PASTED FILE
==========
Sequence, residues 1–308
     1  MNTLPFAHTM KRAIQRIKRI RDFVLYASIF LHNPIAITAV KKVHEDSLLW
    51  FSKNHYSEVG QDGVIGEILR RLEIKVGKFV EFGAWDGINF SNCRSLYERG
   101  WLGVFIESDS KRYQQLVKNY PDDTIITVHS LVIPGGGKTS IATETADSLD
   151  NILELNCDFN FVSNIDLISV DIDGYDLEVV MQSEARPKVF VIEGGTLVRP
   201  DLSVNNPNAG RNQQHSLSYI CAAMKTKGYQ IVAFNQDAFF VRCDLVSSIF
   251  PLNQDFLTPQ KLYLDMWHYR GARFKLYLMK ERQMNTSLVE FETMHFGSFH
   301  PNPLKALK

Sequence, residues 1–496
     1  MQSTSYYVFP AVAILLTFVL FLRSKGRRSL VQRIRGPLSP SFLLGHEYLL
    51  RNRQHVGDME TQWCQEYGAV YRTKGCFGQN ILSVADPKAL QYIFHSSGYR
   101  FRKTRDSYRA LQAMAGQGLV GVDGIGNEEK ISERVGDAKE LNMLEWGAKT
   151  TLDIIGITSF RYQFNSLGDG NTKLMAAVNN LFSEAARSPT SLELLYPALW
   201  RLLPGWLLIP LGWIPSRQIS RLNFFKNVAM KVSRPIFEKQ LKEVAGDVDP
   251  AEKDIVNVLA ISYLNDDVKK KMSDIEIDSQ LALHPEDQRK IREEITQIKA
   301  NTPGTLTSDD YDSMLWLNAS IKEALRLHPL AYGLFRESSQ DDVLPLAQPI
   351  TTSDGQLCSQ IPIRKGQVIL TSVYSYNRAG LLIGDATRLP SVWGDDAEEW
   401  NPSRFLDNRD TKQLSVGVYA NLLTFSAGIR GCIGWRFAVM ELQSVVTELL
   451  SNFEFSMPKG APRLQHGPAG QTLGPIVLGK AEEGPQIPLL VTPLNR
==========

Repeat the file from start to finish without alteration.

Sequence, residues 1–308
     1  MNTLPFAHTM KRAIQRIKRI RDFVLYASIF LHNPIAITAV KKVHEDSLLW
    51  FSKNHYSEVG QDGVIGEILR RLEIKVGKFV EFGAWDGINF SNCRSLYERG
   101  WLGVFIESDS KRYQQLVKNY PDDTIITVHS LVIPGGGKTS IATETADSLD
   151  NILELNCDFN FVSNIDLISV DIDGYDLEVV MQSEARPKVF VIEGGTLVRP
   201  DLSVNNPNAG RNQQHSLSYI CAAMKTKGYQ IVAFNQDAFF VRCDLVSSIF
   251  PLNQDFLTPQ KLYLDMWHYR GARFKLYLMK ERQMNTSLVE FETMHFGSFH
   301  PNPLKALK

Sequence, residues 1–496
     1  MQSTSYYVFP AVAILLTFVL FLRSKGRRSL VQRIRGPLSP SFLLGHEYLL
    51  RNRQHVGDME TQWCQEYGAV YRTKGCFGQN ILSVADPKAL QYIFHSSGYR
   101  FRKTRDSYRA LQAMAGQGLV GVDGIGNEEK ISERVGDAKE LNMLEWGAKT
   151  TLDIIGITSF RYQFNSLGDG NTKLMAAVNN LFSEAARSPT SLELLYPALW
   201  RLLPGWLLIP LGWIPSRQIS RLNFFKNVAM KVSRPIFEKQ LKEVAGDVDP
   251  AEKDIVNVLA ISYLNDDVKK KMSDIEIDSQ LALHPEDQRK IREEITQIKA
   301  NTPGTLTSDD YDSMLWLNAS IKEALRLHPL AYGLFRESSQ DDVLPLAQPI
   351  TTSDGQLCSQ IPIRKGQVIL TSVYSYNRAG LLIGDATRLP SVWGDDAEEW
   401  NPSRFLDNRD TKQLSVGVYA NLLTFSAGIR GCIGWRFAVM ELQSVVTELL
   451  SNFEFSMPKG APRLQHGPAG QTLGPIVLGK AEEGPQIPLL VTPLNR